There should be three exemptions from the new Stock Table Tax.

A daily page of financial market data–broad indices for stock and bond markets, individual winners, losers, movers, key sectors, big mutual funds, most active, stocks in the news.

Any coverage of local stocks.

An extra page of tables on Sunday. Yes, it’s a bigger print run so it costs more, but a once-weekly deeper round-up for a larger audience arguably has value.

Any other daily newspaper that publishes daily closing prices of individual stocks should pay a tax equal to one-half the cost of the newsprint required to publish them. (I’m told this cost can range from $500 to $5,000 per page per day, depending on size of print run, page, stock used and other factors.)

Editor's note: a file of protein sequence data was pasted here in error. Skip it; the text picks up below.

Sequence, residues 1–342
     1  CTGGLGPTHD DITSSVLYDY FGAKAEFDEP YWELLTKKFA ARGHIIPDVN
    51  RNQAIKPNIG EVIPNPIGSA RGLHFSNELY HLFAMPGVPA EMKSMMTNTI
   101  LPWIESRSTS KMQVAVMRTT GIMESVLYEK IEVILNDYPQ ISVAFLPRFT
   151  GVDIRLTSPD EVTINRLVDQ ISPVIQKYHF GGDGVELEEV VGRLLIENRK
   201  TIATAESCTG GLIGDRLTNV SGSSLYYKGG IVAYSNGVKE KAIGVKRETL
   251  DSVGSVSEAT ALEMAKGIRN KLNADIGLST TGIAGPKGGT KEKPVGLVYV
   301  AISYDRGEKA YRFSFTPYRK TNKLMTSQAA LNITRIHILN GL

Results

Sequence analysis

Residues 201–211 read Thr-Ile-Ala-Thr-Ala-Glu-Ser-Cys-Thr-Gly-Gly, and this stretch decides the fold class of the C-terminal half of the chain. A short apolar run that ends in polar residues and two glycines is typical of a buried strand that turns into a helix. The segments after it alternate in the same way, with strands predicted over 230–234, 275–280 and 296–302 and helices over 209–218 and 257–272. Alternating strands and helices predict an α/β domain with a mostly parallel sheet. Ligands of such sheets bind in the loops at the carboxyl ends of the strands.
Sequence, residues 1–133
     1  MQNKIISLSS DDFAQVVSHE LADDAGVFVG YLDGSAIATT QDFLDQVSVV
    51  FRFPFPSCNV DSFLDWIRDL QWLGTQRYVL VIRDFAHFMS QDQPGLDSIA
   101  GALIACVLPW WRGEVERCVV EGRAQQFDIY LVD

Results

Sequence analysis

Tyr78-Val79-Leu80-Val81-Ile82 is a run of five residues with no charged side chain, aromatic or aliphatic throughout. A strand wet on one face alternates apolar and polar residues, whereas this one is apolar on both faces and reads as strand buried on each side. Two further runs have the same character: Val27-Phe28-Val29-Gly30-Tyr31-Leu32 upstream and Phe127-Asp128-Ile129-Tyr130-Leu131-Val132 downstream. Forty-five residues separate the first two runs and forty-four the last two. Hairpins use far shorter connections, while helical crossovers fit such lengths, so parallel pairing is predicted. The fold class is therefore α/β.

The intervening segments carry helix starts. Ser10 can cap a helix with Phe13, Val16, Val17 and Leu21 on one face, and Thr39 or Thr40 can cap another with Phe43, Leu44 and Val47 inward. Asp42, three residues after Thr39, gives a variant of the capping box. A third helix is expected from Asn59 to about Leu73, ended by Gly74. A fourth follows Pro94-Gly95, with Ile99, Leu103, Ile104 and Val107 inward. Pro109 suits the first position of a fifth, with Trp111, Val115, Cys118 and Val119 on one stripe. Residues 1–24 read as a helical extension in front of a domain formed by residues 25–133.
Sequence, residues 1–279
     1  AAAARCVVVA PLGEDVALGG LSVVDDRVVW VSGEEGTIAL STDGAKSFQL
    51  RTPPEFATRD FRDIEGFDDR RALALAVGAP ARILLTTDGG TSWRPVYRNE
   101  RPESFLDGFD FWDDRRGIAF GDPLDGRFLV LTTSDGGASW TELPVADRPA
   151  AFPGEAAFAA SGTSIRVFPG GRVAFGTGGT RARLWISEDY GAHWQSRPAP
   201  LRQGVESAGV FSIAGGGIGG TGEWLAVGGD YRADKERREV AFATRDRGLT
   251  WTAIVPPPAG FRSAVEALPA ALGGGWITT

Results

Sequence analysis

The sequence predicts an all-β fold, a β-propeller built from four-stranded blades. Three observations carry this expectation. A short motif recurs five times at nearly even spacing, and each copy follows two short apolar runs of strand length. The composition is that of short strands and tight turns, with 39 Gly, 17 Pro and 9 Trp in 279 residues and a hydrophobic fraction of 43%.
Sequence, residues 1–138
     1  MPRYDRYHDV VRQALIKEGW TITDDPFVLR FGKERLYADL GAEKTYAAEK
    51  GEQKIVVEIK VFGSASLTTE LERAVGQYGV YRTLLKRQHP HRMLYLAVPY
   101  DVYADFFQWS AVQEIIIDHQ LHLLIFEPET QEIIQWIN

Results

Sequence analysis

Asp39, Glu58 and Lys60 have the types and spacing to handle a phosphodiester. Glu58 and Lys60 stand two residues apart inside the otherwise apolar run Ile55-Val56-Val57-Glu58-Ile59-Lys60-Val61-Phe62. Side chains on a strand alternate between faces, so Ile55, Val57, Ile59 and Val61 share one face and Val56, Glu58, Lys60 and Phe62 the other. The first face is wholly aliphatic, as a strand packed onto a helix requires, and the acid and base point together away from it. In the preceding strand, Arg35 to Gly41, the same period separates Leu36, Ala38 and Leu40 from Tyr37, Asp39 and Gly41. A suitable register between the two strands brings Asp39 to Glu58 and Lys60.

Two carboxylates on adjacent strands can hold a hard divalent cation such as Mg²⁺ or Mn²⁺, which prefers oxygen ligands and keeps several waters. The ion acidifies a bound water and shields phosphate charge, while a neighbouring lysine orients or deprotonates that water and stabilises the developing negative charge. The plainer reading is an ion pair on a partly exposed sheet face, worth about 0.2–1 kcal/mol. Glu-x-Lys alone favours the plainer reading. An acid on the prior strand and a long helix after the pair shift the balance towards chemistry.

This new tax will have two salutary effects:

It will provide newsroom management with incentive to quit a counterproductive old habit. Nothing else seems to be working. Each paper that has done buyouts or layoffs before cutting stock tables should be ashamed of itself. It needs a financial gun to the head–and a moment when they have to make the case to the newsroom staff for continuing a counterproductive practice at the expense of headcount.

It will make some money available to the paper for newer kinds of dynamic, multimedia, user-centered business coverage that may drive revenue for the website and other distribution platforms.

Papers that refuse to make the change will pay the new tax to a non-profit entity that supports independent new-media journalism projects. I’d recommend the Knight Foundation, which supports excellence in digital journalism of civic importance, but that’s just one of several options.

Essentially this tax will transfer income from those who are doing damage to the future of journalism to those who are moving it forward.